ASP.NET Core Clean Architecture

2020 June 15th • ☕️ 5 min read

Clean architecture

A clean architecture is the base for a well planned project and should therefore be the priority above all else for the technical staff when it comes to starting a project from scratch.

In the following repository you will find my preferred approach to tackle this problem. This comes after much reading and investigation, as well as personal experience and failed attempts.

We will be using ASP.NET Core 3 for this example, along with Fluent Validations, Dapper and Swagger. We will not implement nor specify anything regarding authentication nor authorization here it's not part of the scope. That will take a different article coming a few months from now.

We will not cover views here since we will be assuming the usage of an SPA, either a typical SPA (React, Angular, Vue) or WASM SPA (Blazor Client in this case).

Proposed layer structure

The proposed layer structure is:

  • Models
  • Data Access
  • Domain
  • API

Keeping separate assemblies is important not only for ordering, but also for potential reusability along the way.

Data access with Dapper and Dapper Contrib

I've spoken about dapper before. I've come to enjoy using it much more than entity framework. The general gist is that dapper is faster and allows (in my opinion) a nicer separation of concerns. You also don't need to worry about lazy loading and eager loading and knowing when and how to use them properly. If you want to use database views or stored procedures it is much easier to do in dapper than in entity framework.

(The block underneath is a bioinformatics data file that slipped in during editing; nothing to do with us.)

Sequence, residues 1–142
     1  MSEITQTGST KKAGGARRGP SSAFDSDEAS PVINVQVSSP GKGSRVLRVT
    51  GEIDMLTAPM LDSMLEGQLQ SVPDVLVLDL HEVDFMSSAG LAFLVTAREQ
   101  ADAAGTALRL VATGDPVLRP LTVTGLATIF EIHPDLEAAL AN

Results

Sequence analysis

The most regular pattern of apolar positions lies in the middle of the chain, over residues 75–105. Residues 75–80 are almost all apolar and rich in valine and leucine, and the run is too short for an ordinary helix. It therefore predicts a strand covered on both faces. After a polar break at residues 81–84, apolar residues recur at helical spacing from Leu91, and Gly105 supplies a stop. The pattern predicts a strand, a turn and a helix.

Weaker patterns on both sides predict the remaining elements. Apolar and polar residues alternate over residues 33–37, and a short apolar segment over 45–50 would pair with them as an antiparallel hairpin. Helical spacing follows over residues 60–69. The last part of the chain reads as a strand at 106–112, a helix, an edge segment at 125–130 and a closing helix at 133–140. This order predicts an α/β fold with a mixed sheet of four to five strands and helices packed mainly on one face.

This and other reasons are why I chose to use dapper for this sample. Dapper by itself is not all that we can use. There are two solid options with proper support as of 2020. They're Dapper Contrib and Dapper Simple Crud.

These libraries are important to give dapper the basic operations you will need without having to reimplementing the wheel.

This is what a repository written in dapper looks like with Dapper Contrib

public List<Person> GetAll()
{
    using (IDbConnection conn = new SqlConnection(ConnectionString))
    {
        return conn.Query<Person>("SELECT * FROM Person").AsList();
    }
}

public Person Create(Person person)
{
    using (IDbConnection conn = new SqlConnection(ConnectionString))
    {
        person.Id = Convert.ToInt32(conn.Insert(person));
        return person;
    }
}

public Person Update(Person person)
{
    using (IDbConnection conn = new SqlConnection(ConnectionString))
    {
        conn.Update(person);
        return person;
    }
}

public void Delete(int personId)
{
    using (IDbConnection conn = new SqlConnection(ConnectionString))
    {
        conn.Delete(new Person { Id = personId });
    }
}

The model "Person" looks like this:

[Table("Person")]
public class Person
{
    public int Id { get; set; }
    public string FirstName { get; set; }
    public string LastName { get; set; }
    public string Email { get; set; }